But I got better. My throat didn’t hurt so much, and I was sent home. Ever since I’ve been getting physical therapy at home. The main exercise I’m doing is trying to stand while holding onto the kitchen sink. Gosh does that drain me. I never knew something so simply could be so hard.
What I’ve learned from this is that being young doesn’t make one immune from health problems. But having the support of your friends makes all the difference.
As you look back on 2017, with all its successes/failures, if you could backtrack, what would you do differently?
I think, overall, 2017 has been very good to me. I signed my first book deal for a book that is both my first children’s book and my first work of fiction ever to be published. In addition, I’m putting out a new edition of my memoir. And oh yeah, I won my first book award! Well, that was for 2016, but I didn’t find out until this year. And my successes have gone beyond the written word, as I’ve lost over sixty pounds this year. Oh yes, it’s been a very good year.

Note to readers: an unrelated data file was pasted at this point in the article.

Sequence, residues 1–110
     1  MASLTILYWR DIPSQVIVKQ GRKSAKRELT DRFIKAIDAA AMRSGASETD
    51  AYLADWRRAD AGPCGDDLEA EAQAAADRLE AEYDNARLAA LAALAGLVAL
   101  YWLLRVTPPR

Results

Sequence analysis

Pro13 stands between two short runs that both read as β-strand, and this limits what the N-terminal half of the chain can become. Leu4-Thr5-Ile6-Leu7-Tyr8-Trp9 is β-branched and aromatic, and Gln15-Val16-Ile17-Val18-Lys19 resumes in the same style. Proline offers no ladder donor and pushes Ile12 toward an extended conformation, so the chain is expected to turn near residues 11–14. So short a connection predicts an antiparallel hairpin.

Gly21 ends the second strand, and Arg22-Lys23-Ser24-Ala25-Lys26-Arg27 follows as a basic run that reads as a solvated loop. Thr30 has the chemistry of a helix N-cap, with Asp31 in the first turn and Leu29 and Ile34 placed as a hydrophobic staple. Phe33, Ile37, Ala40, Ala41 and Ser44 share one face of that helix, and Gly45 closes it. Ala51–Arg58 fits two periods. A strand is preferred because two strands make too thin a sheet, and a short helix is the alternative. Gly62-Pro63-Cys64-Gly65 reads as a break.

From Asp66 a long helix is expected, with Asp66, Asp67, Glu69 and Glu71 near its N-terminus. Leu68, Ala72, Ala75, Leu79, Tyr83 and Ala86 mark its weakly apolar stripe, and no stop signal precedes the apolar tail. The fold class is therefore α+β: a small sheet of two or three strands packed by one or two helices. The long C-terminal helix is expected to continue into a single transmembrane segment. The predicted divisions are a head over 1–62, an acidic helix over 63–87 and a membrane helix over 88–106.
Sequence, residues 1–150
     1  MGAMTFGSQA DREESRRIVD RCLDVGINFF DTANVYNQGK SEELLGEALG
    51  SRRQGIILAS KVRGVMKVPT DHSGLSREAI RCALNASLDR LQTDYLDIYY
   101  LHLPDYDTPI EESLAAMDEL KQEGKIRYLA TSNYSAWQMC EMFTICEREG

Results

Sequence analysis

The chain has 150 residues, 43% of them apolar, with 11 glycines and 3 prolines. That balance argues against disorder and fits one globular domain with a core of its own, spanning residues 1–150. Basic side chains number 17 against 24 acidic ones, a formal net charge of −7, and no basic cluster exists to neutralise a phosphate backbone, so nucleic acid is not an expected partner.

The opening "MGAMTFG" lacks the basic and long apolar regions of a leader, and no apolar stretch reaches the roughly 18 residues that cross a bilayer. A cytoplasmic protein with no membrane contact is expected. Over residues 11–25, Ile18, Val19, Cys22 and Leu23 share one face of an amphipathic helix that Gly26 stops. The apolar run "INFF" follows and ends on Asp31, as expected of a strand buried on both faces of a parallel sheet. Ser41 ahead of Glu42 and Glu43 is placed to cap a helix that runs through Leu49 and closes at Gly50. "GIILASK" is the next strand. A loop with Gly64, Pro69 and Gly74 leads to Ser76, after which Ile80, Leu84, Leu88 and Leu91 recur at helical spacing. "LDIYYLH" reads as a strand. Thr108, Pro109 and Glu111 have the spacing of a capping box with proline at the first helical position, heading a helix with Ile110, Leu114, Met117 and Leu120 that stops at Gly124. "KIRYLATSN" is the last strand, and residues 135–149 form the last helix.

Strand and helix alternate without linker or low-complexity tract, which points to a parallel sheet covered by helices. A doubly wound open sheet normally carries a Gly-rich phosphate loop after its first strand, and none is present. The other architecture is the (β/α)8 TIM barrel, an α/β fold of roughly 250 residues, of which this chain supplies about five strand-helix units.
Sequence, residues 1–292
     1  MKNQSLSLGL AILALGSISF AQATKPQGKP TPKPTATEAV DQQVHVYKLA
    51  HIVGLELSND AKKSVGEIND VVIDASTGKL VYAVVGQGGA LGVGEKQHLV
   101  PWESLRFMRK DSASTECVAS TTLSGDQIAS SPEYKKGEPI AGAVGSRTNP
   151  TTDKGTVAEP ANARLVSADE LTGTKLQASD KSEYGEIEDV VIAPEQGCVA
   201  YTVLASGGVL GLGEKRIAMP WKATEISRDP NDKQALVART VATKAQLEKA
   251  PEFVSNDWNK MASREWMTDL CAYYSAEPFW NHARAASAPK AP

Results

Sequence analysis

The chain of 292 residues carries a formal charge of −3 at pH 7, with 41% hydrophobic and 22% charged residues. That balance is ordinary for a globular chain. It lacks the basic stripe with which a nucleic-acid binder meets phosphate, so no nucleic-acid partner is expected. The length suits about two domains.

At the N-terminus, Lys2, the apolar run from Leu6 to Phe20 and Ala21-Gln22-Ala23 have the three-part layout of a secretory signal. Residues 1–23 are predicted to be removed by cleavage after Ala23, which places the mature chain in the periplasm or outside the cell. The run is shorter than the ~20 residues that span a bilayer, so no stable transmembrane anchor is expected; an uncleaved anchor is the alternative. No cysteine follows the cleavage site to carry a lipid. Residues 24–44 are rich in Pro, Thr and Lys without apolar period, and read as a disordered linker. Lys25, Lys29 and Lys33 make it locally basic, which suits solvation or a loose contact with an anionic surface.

So what would I change if I could? I need to work on my publicity and marketing skills, which I hope will come with time. When I’m doing a signing and selling books in person, I don’t know what to say to secure the deal and get them to buy the book. Given that the successful author has to sell several books at several events, this is something I definitely intend to work on as I go into 2018. Social skills have always been a challenge for me, but I have to be a good saleswoman.